Leadership Council for Human Rights

~ Feet in the mud, head in the sky ~

Tuesday, February 06, 2007

Vietnamese refugees return home; U.S. believe that religious persecution not a threat

Between 2001 and 2004, thousands of Vietnamese Protestant Christian Montagnards fled to Cambodia during heightened times of religious persecution and land appropriation. However, many of these refugees have been denied permanent relocation in Cambodia and will be forced to return to Viet Nam, the AFP reported on Monday.

While Viet Nam has been internationally known for its lack of religious tolerance, U.S. Assistant Secretary of State for Population, Refugees and Migration Ellen Sauerbrey said that she had no reason to believe that the Vietnamese refugees would be harmed in any way upon their return. She spoke with a small group of refugees who had already returned to their native Central Highlands in Viet Nam; they affirmed that they received no maltreatment. Human rights groups, however, are skeptical of this claim. In January of 2005, when the U.S., Viet Nam, and the U.N. High Commissioner for Refugees signed an agreement which allowed refugees to return to Viet Nam, Human Rights Watch accused the Vietnamese government of persecuting and detaining some of the returnees.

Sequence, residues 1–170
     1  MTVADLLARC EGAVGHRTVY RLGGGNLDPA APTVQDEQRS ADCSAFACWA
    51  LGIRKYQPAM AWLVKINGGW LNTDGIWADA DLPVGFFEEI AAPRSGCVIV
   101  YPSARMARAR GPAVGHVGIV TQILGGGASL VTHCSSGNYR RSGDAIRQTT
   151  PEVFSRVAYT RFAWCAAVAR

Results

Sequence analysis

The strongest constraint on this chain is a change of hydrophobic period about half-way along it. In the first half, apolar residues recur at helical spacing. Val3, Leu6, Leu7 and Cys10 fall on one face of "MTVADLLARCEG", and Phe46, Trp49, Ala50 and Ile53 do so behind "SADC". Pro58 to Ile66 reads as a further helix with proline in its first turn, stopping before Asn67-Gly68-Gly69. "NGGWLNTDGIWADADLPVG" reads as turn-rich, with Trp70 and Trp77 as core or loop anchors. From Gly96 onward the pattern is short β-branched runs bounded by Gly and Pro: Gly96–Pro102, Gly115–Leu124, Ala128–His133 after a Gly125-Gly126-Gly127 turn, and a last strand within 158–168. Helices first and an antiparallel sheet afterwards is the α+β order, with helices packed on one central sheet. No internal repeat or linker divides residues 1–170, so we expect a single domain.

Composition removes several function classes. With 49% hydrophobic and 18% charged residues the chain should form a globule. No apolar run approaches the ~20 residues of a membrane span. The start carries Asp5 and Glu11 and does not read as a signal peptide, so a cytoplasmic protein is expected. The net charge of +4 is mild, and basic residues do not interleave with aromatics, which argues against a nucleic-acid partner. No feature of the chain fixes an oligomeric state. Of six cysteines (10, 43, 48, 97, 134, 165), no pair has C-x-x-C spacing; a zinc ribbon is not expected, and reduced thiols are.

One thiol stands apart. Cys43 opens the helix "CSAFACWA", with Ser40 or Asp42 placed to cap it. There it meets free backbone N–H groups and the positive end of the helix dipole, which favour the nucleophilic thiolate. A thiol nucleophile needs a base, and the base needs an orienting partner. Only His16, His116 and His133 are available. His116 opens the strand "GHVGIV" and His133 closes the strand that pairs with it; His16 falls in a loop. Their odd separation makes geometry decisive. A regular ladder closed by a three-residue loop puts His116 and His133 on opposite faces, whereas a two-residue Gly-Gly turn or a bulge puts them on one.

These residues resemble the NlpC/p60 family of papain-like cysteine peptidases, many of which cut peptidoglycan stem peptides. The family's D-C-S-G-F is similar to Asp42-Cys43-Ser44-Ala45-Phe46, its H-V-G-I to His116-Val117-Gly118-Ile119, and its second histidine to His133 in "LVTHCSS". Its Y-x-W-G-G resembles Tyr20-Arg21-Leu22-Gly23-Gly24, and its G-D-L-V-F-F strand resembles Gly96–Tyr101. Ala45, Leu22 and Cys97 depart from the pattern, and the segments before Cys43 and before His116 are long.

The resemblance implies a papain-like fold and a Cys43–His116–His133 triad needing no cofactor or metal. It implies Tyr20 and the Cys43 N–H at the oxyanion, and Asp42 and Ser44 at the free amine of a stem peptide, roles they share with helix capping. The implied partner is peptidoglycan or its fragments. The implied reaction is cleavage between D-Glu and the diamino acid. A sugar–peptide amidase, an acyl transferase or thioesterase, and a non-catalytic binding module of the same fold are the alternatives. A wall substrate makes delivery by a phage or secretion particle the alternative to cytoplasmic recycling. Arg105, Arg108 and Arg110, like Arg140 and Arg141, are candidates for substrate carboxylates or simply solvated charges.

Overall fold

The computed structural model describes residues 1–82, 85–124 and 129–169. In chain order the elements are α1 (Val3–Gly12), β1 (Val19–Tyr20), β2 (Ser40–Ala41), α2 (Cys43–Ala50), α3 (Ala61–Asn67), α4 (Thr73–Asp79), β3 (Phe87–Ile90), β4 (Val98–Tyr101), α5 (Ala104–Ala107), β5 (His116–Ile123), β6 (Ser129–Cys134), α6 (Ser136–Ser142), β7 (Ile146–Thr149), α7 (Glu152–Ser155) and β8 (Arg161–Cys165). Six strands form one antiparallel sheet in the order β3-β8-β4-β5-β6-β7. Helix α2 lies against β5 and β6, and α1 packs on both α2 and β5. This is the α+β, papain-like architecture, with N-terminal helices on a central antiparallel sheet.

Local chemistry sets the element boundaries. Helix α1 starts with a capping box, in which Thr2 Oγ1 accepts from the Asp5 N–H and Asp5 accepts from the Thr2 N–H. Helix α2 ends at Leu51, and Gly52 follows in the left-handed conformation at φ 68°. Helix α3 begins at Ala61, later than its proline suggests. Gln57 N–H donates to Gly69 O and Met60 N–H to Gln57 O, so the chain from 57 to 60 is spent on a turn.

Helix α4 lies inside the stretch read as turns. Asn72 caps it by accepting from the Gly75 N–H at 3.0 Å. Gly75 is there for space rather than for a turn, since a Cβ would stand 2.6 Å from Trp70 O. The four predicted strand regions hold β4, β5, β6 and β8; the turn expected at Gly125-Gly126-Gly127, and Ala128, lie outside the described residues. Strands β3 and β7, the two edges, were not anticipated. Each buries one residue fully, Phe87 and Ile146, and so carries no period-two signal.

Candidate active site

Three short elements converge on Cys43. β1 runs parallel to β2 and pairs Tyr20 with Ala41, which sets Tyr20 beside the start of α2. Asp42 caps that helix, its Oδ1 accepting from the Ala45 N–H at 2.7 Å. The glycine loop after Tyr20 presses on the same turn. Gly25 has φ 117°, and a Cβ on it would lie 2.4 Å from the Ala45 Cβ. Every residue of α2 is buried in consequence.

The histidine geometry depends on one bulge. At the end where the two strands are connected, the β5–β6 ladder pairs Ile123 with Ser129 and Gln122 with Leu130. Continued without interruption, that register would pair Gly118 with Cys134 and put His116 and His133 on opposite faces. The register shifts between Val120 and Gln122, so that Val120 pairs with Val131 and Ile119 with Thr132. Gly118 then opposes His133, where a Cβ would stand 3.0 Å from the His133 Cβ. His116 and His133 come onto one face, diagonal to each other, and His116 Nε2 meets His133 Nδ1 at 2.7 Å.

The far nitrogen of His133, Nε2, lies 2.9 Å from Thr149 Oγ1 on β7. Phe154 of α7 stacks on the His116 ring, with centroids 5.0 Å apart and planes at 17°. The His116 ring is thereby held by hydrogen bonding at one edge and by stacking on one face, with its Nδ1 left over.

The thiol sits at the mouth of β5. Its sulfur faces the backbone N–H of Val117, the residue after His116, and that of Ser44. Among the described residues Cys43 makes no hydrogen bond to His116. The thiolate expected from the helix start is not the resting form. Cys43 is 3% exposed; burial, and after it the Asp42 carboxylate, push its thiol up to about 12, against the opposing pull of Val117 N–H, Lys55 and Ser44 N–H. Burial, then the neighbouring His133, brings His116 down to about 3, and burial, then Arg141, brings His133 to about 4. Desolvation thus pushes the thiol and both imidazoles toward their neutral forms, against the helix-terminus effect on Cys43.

Sauerbrey also argued that persecution of Protestant Montagnards would be better remedied if it was addressed internally by the Vietnamese government.

“I think that our government and the government of Vietnam share a belief that it is far better for people who fear persecution, oppression for political reasons or ethnic reasons, whatever, for that problem to be addressed inside the country rather than them having to flee to Cambodia,” Sauerbrey said.

For the full article, click here.


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